With our white-water rafting trip called off, we stayed on land and explored Sierra cave--one of the many caves in this area of Cagayan.
The cave is right next to Callao cave and within the Callao Ecotourism zone. Our host Anton had planned this and we just followed whatever was on his itinerary for us.
Only a small marker identifies the entrance of the cave, which is a steep 20-meters up the hillside.
I know, I know, maybe a dress wasn't the best outfit to use for spelunking--but the last cave we went into years ago (in Bicol) was a "walk-in" cave--meaning, no need to climb or crawl.
After a steep climb up, we had to let ourselves down feet first into the entrance of the cave. Now you can see how a dress doesn't work here. At least the guides are polite enough to look away!
The entrance is a bit chalenging, but then it opens up into big chambers and clearings.
We were told that Sierra Cave is a "living cave", meaning rock formations are still growing inside because water from outside is able to seep in through tiny cracks. The dripping water allows the formation of stalactites on ceiling of the cave, and stalagmites on the bottom.
Aside from looking at fossil marks on the walls, and icicle-like formations, we were concerned with taking a group picture inside.
The cave is pitch black inside. It only looks this bright because all of us had flashlights, and our cameras have low-light features.
I think the men had enough of our posing.
Deep inside the cave, towards the end, is a small cavern named "Celica's Passage". The guides told us it was named after the child who discovered it.
As soon as the girls heard it was a kid who found it, they crawled through it too and disappeared from view for a while. I felt my heard pound and ordered them to come back right away!
The back end of the cave was muddy because it had been raining the past few days. This made the whole cave floor very slippery. Everyone took turns slipping and falling on their behinds.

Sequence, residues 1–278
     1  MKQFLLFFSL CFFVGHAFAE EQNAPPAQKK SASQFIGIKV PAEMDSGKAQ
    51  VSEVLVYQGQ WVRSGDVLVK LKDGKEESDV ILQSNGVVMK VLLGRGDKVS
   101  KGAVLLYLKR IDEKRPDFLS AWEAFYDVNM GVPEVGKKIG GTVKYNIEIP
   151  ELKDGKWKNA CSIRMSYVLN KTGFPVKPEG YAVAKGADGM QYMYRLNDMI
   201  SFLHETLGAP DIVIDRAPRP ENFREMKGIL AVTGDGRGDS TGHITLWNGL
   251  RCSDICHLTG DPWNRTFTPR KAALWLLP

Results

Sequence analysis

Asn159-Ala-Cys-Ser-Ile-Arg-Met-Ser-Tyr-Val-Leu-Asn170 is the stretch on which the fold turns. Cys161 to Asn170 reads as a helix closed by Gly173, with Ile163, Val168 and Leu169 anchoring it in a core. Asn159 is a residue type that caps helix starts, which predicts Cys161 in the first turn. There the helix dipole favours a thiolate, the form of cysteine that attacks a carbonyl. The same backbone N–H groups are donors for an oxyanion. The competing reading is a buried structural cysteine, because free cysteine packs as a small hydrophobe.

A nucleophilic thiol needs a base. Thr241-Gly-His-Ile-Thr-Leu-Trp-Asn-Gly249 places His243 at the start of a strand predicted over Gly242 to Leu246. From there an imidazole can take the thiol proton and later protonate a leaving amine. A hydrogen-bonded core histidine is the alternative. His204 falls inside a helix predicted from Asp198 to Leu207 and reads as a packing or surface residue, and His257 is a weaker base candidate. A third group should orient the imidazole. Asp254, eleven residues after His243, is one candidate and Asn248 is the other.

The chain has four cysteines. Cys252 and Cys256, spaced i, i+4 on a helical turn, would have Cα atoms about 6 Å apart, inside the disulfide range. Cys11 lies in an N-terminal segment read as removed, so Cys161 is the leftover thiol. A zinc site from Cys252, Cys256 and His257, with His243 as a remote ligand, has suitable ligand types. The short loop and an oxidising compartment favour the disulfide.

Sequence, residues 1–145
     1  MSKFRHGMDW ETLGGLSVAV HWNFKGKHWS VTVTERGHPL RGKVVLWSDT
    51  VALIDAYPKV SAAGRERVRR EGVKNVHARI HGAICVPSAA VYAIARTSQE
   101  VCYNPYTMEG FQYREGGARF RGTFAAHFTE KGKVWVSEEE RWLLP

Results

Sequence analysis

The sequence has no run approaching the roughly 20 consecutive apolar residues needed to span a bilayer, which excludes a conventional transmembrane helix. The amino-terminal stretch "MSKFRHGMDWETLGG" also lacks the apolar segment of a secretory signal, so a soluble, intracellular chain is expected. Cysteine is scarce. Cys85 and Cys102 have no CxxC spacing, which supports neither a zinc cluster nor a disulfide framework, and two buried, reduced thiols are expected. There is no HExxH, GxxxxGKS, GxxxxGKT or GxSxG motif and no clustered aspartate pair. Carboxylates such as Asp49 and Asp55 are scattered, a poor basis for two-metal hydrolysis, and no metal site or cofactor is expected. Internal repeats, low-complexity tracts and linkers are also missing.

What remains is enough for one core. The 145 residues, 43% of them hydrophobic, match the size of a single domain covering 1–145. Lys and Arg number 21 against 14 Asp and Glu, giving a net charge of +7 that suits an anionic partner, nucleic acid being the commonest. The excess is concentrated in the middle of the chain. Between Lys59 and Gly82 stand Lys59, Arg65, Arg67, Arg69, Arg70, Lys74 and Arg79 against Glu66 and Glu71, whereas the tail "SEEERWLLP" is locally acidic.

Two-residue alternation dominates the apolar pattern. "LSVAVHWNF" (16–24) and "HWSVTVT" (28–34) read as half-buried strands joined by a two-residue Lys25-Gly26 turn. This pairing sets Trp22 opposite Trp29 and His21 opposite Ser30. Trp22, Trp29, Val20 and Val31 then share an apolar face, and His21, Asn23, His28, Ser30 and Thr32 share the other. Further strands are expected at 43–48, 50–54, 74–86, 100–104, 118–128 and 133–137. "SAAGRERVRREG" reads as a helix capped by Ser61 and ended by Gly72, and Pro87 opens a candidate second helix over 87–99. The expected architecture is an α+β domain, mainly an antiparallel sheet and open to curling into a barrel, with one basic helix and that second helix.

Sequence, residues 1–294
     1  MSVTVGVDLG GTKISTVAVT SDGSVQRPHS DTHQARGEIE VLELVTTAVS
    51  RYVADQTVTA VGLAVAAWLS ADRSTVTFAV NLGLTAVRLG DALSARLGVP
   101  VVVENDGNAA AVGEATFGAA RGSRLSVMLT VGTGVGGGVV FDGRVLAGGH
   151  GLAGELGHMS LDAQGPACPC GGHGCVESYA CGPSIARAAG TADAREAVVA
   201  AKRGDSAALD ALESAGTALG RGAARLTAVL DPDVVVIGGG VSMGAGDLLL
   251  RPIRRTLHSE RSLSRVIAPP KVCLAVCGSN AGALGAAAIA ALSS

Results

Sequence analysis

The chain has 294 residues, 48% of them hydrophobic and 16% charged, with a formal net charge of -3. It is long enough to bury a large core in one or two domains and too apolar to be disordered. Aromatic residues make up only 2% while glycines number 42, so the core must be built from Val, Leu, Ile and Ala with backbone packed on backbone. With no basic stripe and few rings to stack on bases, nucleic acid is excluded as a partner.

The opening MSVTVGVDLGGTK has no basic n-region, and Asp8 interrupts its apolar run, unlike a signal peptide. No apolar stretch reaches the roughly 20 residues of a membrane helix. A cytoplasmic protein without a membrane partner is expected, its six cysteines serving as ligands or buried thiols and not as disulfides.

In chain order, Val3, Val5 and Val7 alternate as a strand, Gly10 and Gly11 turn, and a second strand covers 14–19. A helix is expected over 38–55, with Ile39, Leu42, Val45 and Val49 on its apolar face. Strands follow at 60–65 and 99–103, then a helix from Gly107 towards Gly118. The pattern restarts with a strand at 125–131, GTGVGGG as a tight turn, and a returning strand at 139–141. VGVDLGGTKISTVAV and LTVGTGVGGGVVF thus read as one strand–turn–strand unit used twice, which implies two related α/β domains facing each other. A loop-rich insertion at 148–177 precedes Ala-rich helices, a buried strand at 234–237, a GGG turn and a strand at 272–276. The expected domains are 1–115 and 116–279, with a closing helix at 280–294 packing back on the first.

With all this excitement going on inside the cave, we forgot that Anton was waiting for us in the cave next door-- Callao cave. He was excited to show us the big cave chambers as well as the the flight of bats at dusk.
But getting out of this slippery Sierra cave was a challenge. The whole trek took more than two hours, much more than Anton originally intended for us (also maybe because we took so many pictures inside?)
We are finally, finally out of there, but it took us many more minutes to get back down to the road. This trail down was way too slippery.
And we are finally out! Whew!
Anton was disappointed he wasn't able to show us Callao cave, and so were we.
We didn't expect Sierra cave to be that extensive...and slippery..and none of us kept track of the time. I think the guides were just concerned with literally keeping us on our feet.
Here are his pictures while he was waiting for us...
Inside Callao cave... looks like a scene from Phantom of the Opera..
Too bad we didn't get to see this anymore.
The flight of bats happened while we were still playing in the mud in the other side.
Witnessing a river tragedy in the morning and spelunking through a slippery cave afternoon is plenty of activity for cityfolk. I guess we just have to make another trip to explore more of the caves. For now, we were eager to get back to the house and just shower.
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